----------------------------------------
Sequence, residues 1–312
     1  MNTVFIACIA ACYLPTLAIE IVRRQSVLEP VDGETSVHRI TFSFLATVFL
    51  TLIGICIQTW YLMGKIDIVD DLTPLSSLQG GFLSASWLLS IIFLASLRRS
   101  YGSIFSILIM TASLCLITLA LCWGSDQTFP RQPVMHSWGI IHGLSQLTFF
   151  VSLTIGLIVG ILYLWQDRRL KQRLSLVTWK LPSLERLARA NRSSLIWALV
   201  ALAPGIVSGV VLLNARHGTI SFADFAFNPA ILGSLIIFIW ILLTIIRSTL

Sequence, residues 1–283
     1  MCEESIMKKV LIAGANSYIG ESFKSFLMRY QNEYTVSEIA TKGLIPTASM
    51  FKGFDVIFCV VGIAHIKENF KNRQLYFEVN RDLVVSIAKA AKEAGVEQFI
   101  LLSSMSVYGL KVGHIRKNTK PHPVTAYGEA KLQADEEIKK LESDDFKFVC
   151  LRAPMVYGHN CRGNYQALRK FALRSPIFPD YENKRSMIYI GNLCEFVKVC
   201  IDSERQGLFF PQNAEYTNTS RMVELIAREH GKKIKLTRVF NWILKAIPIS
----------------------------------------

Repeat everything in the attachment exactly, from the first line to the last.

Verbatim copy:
Sequence, residues 1–312
     1  MNTVFIACIA ACYLPTLAIE IVRRQSVLEP VDGETSVHRI TFSFLATVFL
    51  TLIGICIQTW YLMGKIDIVD DLTPLSSLQG GFLSASWLLS IIFLASLRRS
   101  YGSIFSILIM TASLCLITLA LCWGSDQTFP RQPVMHSWGI IHGLSQLTFF
   151  VSLTIGLIVG ILYLWQDRRL KQRLSLVTWK LPSLERLARA NRSSLIWALV
   201  ALAPGIVSGV VLLNARHGTI SFADFAFNPA ILGSLIIFIW ILLTIIRSTL

Sequence, residues 1–283
     1  MCEESIMKKV LIAGANSYIG ESFKSFLMRY QNEYTVSEIA TKGLIPTASM
    51  FKGFDVIFCV VGIAHIKENF KNRQLYFEVN RDLVVSIAKA AKEAGVEQFI
   101  LLSSMSVYGL KVGHIRKNTK PHPVTAYGEA KLQADEEIKK LESDDFKFVC
   151  LRAPMVYGHN CRGNYQALRK FALRSPIFPD YENKRSMIYI GNLCEFVKVC
   201  IDSERQGLFF PQNAEYTNTS RMVELIAREH GKKIKLTRVF NWILKAIPIS